Class 3-E has certainly had a packed curriculum - no-one can accuse these kids of being left idle, as we're halfway through the series of Assassination Classroom and they haven't even finished the first term. The clock is ticking though, and they have a lot of school to pack in if they want to have a hope of assassinating Koro-sensei, the aimiable, avuncular banana-yellow octopus-man who has become their schoolmaster... and the apocalyptically powerful alien who will be destroying the world when the year is out. The pupils of 3-E are torn between their mission to kill Koro-sensei, the monster who threatens to destroy them all, and their loyalty to the man who's shown care and interest in their education and growth into young adults - and the powers-that-be are getting impatient with these sprogs and their lollygagging. The time is coming when they'll try to alter the rules of Koro-sensei's game; and Koro-sensei himself did not simply emerge out a vacuum, with figures from his past stalking him to settle old scores. Class 3-E are going to get caught in the crossfire, and if mercenaries, mutants, assassins, black-ops special-forces, and planet-busting holocausts weren't bad enough their parents are still harrassing them for straight As on their report cards.
The new release of Assassination Classroom picks up right where we left off last time. It continues to look gorgeous with a bright and colourful palette - the pristine mountain-spring swimming pool that Koro-sensei builds for his class looks so good I wouldn't mind going for a dip myself. I don't understand why 3-E are so desperate to get back to the main campus when they've got a veritable natural paradise all around them! Depicting the examination episodes as gladiator duels against monsters is also an effective way to make a lot of scribbling and scitching an interesting journey into the imagination instead. You can't fault Assassination Classroom for its production values and it always makes the show an easy, appealing watch.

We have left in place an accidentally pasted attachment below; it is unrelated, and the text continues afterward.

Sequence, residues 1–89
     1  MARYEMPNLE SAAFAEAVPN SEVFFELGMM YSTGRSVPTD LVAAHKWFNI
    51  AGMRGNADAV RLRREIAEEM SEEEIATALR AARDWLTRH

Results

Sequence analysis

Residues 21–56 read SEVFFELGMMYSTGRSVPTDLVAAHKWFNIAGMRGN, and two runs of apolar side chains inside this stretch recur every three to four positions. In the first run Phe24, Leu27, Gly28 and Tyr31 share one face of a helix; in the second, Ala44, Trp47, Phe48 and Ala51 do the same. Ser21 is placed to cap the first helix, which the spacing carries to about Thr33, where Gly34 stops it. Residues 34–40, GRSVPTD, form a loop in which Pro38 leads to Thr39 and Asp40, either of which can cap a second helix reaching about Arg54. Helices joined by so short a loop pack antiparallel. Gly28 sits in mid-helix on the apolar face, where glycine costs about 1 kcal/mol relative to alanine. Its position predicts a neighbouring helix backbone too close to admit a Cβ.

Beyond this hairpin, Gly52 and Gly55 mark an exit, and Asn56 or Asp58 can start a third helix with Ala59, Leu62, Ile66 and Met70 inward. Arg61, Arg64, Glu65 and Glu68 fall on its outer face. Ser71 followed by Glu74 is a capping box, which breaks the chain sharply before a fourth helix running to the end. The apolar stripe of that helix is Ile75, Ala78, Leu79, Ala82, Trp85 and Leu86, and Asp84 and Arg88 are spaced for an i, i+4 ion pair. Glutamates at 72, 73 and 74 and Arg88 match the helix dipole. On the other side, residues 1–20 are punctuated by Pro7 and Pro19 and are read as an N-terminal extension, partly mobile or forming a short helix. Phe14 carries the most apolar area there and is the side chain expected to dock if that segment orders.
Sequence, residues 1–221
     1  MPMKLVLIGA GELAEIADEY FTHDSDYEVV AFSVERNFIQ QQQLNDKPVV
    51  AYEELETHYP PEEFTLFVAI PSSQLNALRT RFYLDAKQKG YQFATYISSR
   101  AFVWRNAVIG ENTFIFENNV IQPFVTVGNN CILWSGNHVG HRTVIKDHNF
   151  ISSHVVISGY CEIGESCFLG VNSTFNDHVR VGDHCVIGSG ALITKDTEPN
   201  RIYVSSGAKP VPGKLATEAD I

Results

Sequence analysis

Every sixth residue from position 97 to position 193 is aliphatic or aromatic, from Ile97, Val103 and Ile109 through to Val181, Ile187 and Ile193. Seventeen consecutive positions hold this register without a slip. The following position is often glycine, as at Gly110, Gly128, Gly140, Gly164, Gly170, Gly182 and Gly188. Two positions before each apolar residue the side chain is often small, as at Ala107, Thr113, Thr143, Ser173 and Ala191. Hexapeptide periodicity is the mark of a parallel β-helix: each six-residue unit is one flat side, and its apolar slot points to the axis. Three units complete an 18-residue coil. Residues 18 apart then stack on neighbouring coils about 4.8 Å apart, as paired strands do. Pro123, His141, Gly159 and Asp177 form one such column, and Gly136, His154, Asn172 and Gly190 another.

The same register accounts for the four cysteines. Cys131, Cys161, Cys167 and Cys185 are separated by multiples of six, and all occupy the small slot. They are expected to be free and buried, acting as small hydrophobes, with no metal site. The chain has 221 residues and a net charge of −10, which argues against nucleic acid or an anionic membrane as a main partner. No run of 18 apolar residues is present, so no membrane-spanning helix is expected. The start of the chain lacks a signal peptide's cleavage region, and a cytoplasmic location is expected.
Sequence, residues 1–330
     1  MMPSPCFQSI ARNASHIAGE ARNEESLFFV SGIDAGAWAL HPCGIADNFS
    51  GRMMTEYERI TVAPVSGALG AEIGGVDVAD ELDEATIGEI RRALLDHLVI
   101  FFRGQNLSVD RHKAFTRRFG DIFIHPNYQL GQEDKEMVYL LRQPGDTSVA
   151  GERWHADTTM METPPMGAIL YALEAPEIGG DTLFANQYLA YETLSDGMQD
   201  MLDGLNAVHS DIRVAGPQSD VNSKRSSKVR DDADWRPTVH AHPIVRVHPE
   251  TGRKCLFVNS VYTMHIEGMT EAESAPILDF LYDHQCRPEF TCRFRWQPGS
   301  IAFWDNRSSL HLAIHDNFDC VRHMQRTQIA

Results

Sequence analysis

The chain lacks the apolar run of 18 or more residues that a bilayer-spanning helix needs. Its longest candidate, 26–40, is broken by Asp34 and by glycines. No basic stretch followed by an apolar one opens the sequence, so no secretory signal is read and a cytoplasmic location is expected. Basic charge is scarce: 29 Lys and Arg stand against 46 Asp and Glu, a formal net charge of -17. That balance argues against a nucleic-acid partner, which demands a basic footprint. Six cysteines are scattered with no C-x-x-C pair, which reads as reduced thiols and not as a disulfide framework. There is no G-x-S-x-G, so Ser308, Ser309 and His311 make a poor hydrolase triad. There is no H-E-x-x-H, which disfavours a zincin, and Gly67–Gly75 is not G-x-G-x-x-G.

As Assassination Classroom hits very similar beats in its early episodes - the first release had midterm exams, this one has finals - and continues to push the same worthy message of believing in yourself, respecting children's growth and potential, nurturing talent, and so on, all the while embarrassing and showing up the snooty elites trying to put them down. The irony of class 3-E feeling protective towards the creature they're meant to kill remains, although when a few dissenters in the class refuse to play nice it's hard to disagree with them - it's starting to look a lot like Stockholm Syndrome, and frankly for a class who are meant to be the dropouts and no-hopers (the lyrics to the opening sequence includes lines like "dropout mentality", "someone else's problem", and "lost in many ways") these kids are such an irritatingly prim-and-proper bunch of goody-two-shoes teachers-pets that I was starting to feel that I wanted to bully them myself.